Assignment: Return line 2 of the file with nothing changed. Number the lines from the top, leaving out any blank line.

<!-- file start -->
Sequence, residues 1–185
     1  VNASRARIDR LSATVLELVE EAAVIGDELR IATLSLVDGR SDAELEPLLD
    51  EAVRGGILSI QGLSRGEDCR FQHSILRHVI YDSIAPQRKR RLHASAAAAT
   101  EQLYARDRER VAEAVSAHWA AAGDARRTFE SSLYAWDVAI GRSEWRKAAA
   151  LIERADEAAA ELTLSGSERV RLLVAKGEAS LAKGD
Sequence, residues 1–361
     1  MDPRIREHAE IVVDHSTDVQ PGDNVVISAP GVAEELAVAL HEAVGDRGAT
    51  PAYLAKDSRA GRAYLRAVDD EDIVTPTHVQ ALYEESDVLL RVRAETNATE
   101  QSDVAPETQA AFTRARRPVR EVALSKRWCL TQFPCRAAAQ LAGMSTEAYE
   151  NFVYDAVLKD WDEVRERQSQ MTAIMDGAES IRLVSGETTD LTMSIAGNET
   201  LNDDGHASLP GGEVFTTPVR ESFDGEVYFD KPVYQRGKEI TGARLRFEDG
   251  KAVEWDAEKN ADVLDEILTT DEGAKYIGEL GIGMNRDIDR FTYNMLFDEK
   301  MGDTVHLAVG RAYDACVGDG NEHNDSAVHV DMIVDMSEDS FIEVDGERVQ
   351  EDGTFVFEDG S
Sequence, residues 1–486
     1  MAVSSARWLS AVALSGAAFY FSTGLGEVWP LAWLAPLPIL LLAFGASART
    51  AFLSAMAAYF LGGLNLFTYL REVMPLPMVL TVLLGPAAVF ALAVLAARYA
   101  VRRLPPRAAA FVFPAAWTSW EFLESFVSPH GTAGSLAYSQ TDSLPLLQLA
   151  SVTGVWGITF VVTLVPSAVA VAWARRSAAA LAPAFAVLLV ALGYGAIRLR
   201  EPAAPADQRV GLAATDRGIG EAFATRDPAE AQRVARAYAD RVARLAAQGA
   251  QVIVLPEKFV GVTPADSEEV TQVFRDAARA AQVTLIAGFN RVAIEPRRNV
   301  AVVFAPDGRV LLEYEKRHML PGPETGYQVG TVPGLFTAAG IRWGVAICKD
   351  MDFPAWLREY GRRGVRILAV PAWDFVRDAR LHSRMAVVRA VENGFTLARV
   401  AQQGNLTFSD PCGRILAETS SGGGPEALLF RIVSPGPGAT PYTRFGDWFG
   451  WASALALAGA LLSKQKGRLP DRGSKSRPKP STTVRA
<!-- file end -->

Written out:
     1  VNASRARIDR LSATVLELVE EAAVIGDELR IATLSLVDGR SDAELEPLLD